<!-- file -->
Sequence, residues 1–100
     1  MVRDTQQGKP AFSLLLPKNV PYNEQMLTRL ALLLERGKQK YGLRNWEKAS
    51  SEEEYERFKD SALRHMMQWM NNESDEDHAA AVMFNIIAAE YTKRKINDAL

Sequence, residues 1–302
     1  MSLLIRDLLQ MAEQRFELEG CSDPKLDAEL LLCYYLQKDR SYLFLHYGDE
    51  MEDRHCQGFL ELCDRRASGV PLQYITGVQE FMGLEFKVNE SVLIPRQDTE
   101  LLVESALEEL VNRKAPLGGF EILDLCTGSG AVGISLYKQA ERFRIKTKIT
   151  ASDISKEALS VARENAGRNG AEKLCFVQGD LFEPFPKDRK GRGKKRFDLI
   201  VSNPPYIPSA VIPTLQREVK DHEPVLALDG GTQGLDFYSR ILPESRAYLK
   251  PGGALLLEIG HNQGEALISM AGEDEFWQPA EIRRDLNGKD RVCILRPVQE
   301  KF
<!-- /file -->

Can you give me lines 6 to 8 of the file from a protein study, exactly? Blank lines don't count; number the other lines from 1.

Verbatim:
    51  MEDRHCQGFL ELCDRRASGV PLQYITGVQE FMGLEFKVNE SVLIPRQDTE
   101  LLVESALEEL VNRKAPLGGF EILDLCTGSG AVGISLYKQA ERFRIKTKIT
   151  ASDISKEALS VARENAGRNG AEKLCFVQGD LFEPFPKDRK GRGKKRFDLI